Healthy Eating 101: Getting Creative with Dried Beans

Go beyond just refried beans with your next (or first) batch of cooked beans.


By Aimée Suen, NTP


“Can of beans.” It’s on a lot of people’s shopping lists week in, week out. A can of beans is pretty fast and convenient, but you’ve only got what you need for one dish. With a small amount of prep and planning, you can grab a bag of dried beans and get so much more than one meal out of it.

Why Dried Beans?

Dried beans take a little more work upfront, but the payoffs of cooking with them far outweigh that work.

It Saves You Money: The biggest benefit of using dried beans is getting more bean for your buck. A pound of dried beans, depending on the variety, can cost on average $3-6. Most 15 oz cans of beans cost anywhere from $1-3. Once cooked, a pound of dried beans makes about 6 cups of beans while a 15 oz can is just shy of 2 cups. Buying a bag of dried beans and cooking them at home is about half the cost of buying one can and you’ll have at least 3 times the amount of beans.

It Saves you Time: Cook the whole pound of dried beans and portion them out into 15-16 ounce freezer-safe containers. This way, you’ve already got beans ready for future meals for a few weeks or months, depending on how often you use beans.

You can leave the beans out on the counter for a few hours or leave in the fridge before heading to work and your beans will be ready to cook when you get home.

How to Cook Dried Beans

You can cook dried beans in a few different ways. The method you choose depends on how much time and equipment you have.

On the Stove: You can go the traditional route and cook them over the stove for 1-2 hours (check the package, bean cooking times and the amount of water you need vary). Once the beans come to a boil in the pot, they’ll just simmer, freeing you up to do other things. Check on them every 5-10 minutes and add a little bit more water as needed. This is a good weekend activity when you’re prepping for the week or just doing things around the house.

In a Slow Cooker: You can also cook them in a much more hands-off method in your slow cooker for half or most of the day. Look up recipes to find the right amount of water and time per bean variety. This is perfect for a busy day or even for when you’re at work.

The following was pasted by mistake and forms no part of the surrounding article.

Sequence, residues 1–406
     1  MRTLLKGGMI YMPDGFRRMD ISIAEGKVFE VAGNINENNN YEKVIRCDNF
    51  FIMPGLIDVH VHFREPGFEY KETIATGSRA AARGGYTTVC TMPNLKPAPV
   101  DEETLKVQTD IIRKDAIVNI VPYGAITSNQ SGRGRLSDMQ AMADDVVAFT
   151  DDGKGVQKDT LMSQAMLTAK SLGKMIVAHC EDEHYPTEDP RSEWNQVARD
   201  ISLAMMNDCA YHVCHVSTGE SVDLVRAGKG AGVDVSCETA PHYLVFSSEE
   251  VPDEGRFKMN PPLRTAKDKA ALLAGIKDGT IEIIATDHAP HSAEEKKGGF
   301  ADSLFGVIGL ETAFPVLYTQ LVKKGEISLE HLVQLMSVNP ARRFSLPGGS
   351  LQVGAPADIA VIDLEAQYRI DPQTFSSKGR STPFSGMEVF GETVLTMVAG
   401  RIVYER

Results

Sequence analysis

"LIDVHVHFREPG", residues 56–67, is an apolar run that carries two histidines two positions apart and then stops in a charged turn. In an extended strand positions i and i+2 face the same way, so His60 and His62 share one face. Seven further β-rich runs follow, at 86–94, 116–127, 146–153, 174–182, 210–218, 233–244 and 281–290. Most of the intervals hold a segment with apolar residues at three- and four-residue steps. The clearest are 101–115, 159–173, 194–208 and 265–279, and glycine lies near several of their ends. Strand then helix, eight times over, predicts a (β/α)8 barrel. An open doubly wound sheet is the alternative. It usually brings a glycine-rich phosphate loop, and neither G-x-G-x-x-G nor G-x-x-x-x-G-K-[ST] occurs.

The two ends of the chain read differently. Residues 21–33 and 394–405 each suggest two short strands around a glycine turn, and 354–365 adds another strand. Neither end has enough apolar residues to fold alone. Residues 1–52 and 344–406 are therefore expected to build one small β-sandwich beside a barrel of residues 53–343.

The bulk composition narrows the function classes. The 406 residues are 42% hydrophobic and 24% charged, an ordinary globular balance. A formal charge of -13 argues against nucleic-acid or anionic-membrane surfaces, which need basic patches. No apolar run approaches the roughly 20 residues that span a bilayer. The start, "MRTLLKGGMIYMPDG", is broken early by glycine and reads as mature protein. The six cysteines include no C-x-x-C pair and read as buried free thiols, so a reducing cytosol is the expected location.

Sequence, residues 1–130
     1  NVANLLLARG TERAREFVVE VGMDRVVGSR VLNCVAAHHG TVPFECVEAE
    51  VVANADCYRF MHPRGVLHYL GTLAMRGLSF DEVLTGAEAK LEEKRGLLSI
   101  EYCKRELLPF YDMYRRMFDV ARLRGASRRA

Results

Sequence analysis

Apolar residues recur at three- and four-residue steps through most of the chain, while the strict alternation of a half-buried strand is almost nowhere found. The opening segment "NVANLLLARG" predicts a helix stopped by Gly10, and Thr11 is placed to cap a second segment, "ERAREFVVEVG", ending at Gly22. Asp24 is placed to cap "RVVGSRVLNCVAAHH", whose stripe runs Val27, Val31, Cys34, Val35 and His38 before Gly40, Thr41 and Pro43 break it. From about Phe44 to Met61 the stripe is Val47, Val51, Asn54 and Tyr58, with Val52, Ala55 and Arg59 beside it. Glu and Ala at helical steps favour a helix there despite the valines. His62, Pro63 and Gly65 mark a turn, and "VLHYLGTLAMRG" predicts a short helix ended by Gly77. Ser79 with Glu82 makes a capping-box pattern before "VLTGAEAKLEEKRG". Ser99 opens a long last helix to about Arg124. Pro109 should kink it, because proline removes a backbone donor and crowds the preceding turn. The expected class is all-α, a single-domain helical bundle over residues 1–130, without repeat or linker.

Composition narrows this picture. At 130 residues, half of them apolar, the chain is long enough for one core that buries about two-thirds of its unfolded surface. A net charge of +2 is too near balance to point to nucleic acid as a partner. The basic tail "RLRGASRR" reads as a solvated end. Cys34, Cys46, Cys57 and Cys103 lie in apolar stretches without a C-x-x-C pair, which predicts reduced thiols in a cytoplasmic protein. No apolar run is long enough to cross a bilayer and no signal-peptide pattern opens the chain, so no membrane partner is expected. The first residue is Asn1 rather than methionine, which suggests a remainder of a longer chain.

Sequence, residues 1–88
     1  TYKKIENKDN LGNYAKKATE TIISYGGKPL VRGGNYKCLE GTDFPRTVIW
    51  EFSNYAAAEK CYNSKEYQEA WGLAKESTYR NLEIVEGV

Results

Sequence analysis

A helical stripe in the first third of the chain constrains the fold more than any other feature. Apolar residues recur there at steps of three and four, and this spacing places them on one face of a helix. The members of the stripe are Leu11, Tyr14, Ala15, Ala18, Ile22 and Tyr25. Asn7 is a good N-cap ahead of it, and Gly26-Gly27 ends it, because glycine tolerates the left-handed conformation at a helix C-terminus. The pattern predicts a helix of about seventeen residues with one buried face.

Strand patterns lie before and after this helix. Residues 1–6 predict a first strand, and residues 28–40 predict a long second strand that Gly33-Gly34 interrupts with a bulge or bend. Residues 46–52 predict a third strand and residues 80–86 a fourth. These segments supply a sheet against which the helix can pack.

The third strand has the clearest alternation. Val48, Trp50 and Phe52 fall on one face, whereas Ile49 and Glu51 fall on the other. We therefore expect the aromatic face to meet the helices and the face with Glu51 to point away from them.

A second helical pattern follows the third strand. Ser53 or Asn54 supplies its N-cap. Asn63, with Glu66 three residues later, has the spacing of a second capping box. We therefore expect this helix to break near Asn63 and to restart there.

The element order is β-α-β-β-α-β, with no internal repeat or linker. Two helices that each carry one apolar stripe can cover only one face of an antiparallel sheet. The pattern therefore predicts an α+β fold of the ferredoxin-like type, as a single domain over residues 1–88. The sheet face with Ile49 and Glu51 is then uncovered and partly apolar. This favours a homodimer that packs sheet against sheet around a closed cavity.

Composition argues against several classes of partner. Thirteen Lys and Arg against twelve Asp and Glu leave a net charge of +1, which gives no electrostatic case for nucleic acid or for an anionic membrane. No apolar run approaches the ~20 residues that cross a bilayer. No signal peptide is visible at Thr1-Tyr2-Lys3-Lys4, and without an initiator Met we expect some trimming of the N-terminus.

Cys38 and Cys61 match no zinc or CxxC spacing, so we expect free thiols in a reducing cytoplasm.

In a Pressure Cooker: The opposite of slow cooking, pressure cooking with cook your beans in half the time it would take on the stove top. You need to presoak your beans for a few hours to help get the texture of the beans right. You can do this by putting them in a large bowl with water overnight or you can use your stove for a quick-soaking method which takes around an hour.

Once the beans are soaked you’ll add them to your pressure cooker and cook according to your bean variety (which could be anywhere from 6-50 minutes).

What to Make with Your Beans

Now that you’ve got a lot of beans ready to use whenever you need them, here are a lot of healthy dishes you can make to give yourself some variety and have fun cooking with these beans.

Dip: Throw them in a food processor with some garlic, olive oil, salt, pepper, maybe some herbs or roasted vegetables and you’ve got a great snack for the week or a party appetizer.

In Soup: Add some beans to your soup to boost its fiber content and make it more filling. You can add the beans to a pureed soup or in a vegetable soup. Because they’re already cooked, add them towards the end so they warm up and absorb the broth’s flavor, but don’t fall apart.

Burgers and “Meatballs”: Beans are a great meatless alternative for making burger patties and meatless meatballs. You can also add sauteed vegetables like mushrooms, broccoli, or peppers in your mixture to add even more vitamins and minerals to your meal. There are also a lot of baked recipes out there to cut down on frying.

Taco Filling: Beans, nuts and aromatics pulsed in a food processor can make a great taco meat that any meat eater would enjoy. You can also keep the beans whole and add them into your taco too.

In Salads: Tossed in a greens or grain salad, beans can add a great flavor and some heft to your salad. Add any and all of your favorite vegetables, either raw, roasted, or sauteed and mix in your favorite dressing.

Side Dish: A side of beans is very common in certain cuisines. You can enjoy the beans as is with your next meal or you can add some herbs, garlic or onions, maybe some finely diced vegetables or peppers. Adding a few more things to your beans can make them more interesting and up your vegetable intake.

As a Filling: Mixed with vegetables and maybe a grain, beans add lots of flavor and substance to a filling for stuffed vegetables (like squash, sweet potato, peppers, eggplant, tomatoes, to name a few) or for burritos, enchiladas or wraps.

However you decide to cook with your pound of dried beans, have fun. Push yourself a little outside your comfort zone and find some new recipes that will make beans more interesting to you than before. By making your own big batch of beans and freezing most of it for later, you’re giving your future self lots of affordable, healthy meals to make for weeks to come.

Healthy Eating 101 returns with the essential foods you should stock your pantry with for healthy cooking.

Aimée Suen is a Nutritional Therapy Practitioner who shares nourishing, gluten-free recipes and nutrition wisdom at Small Eats. She is driven to help others enjoy whole foods and empower them to find their own healthy in all aspects of life, one small step at a time. When she’s not in the kitchen, she’s practicing yoga, in the gym, or learning something new. You can find Aimée on InstagramTwitter and Pinterest.

Second Photo Credit: Andrey Starostin/; Third Photo Credit: gcafotografia/; Fourth Photo Credit: foodlove/; Fifth Photo Credit: Prometheus72/